The use of lasers to promote wound healing was reported in the 1970s. Since then, lasers of various wavelengths and irradiation methods have been reported for wound healing.1-3 Photobiomodulation using lasers can induce biochemical and physiological effects in various effect enzymes, cells, tissues, and institutions. It is known that photobiomodulation can promote cell differentiation,4,5 increase collagen synthesis,6,7 or increase the expression of growth factors in cells.8,9 A low-power laser is a laser that produces an output of less than 1 W (watt). When calculated in terms of energy including laser irradiation time, it generally can stimulate cells mainly in the range of 0.05 to 10 J.10
Due to the increasing prevalence of diabetes and ischemic diseases, surgical wounds could not be healed. Thus, more and more patients are in trouble. Cancer patients such as those with head and neck need to receive radiation therapy as preoperative guided treatment. Thus, the need for methods that can promote wound healing in the head and neck area is increasing.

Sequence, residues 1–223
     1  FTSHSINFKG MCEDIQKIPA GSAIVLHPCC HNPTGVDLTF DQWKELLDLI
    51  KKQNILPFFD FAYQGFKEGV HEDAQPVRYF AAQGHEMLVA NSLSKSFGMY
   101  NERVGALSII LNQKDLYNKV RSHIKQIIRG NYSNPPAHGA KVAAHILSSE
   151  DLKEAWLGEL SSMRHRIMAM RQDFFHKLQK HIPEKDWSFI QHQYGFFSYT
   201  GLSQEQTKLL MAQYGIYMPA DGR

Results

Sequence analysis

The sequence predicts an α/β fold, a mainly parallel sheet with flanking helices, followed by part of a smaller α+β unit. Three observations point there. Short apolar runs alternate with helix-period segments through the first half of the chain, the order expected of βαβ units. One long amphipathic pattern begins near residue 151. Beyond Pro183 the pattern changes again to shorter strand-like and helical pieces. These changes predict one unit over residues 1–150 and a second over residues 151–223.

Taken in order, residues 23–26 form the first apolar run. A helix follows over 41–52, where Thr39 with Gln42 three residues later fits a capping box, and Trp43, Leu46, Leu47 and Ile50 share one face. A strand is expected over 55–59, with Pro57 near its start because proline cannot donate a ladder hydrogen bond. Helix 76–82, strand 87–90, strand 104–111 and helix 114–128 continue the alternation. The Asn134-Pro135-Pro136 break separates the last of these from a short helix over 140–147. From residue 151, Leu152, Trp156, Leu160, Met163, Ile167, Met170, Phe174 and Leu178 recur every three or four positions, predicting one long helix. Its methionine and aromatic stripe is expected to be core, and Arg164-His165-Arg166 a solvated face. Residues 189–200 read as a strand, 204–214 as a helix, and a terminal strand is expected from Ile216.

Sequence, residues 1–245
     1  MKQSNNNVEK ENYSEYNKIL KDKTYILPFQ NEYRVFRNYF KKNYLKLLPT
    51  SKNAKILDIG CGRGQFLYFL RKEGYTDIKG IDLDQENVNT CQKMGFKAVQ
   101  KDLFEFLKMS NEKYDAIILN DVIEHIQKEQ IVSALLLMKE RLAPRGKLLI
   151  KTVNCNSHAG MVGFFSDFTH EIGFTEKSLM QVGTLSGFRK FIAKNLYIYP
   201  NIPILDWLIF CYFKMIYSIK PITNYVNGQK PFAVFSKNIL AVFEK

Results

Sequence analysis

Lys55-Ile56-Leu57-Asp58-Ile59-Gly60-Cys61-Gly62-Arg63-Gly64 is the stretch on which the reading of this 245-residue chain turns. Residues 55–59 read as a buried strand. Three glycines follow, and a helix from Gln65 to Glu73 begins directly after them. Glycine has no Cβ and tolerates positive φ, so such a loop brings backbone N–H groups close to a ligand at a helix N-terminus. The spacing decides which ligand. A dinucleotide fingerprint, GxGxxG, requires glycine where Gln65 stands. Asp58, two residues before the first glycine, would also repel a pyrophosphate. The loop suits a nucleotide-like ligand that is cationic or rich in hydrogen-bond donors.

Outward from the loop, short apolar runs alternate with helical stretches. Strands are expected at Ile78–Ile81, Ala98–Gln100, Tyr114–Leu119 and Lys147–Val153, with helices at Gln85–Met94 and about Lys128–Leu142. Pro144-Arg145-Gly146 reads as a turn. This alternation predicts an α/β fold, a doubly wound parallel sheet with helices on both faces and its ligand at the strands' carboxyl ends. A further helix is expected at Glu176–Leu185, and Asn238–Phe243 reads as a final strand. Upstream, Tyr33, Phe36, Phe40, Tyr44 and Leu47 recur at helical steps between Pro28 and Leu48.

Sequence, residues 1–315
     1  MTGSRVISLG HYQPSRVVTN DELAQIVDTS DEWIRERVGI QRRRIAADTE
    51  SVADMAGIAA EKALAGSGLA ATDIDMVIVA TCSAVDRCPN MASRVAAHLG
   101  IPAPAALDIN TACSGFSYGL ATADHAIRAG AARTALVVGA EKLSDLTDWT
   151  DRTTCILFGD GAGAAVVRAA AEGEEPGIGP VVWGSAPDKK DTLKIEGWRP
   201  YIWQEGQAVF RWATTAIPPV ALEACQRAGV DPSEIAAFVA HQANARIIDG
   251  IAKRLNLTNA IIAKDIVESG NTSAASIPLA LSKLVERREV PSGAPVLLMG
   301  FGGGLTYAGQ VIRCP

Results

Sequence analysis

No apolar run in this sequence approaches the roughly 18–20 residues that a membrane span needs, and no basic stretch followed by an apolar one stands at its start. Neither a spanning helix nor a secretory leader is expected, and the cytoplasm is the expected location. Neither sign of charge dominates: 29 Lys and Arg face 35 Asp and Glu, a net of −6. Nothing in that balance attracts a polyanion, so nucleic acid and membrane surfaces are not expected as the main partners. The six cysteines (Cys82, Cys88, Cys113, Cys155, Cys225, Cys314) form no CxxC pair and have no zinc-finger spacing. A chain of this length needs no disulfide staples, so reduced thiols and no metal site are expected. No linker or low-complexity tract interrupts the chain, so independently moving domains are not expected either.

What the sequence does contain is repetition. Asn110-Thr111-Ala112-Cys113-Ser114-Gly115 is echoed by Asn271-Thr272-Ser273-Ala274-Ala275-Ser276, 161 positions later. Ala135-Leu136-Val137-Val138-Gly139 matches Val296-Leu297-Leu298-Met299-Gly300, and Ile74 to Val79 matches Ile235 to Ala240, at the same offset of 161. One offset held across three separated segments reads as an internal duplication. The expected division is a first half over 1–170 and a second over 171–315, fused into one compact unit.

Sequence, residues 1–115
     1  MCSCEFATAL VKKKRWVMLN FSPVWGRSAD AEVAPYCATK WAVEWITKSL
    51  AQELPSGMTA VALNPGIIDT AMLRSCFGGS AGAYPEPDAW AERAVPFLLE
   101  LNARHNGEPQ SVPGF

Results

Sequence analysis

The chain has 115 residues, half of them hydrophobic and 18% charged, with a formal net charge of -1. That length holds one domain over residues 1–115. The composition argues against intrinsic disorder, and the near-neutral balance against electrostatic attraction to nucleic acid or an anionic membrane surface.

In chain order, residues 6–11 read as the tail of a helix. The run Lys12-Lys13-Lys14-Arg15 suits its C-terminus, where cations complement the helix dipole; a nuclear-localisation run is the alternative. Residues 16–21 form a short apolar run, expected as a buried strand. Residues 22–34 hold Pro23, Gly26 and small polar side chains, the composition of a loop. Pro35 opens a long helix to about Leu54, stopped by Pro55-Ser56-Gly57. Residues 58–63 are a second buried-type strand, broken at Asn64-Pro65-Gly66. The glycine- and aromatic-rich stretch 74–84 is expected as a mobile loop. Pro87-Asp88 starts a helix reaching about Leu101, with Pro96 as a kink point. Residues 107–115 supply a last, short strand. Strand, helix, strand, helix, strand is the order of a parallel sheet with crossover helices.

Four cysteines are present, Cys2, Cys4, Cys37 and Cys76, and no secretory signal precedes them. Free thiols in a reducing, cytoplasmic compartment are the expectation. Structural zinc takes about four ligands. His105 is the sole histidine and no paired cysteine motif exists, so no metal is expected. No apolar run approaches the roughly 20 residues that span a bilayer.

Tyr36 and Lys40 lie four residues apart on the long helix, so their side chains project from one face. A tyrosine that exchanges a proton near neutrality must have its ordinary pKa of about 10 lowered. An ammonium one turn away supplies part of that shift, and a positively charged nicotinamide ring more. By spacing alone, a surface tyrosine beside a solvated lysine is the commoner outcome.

In this study, a 660 nm diode laser and a 532 nm diode-pumped solid-state (DPSS) laser were treated in wound-induced mice to compare the photobiomodulation effects. To investigate the effect of photobiomodulation on wound healing, histological changes and changes in wound shape were measured. Results of this study could be used as basic data for developing an irradiation method with an optimum healing effect.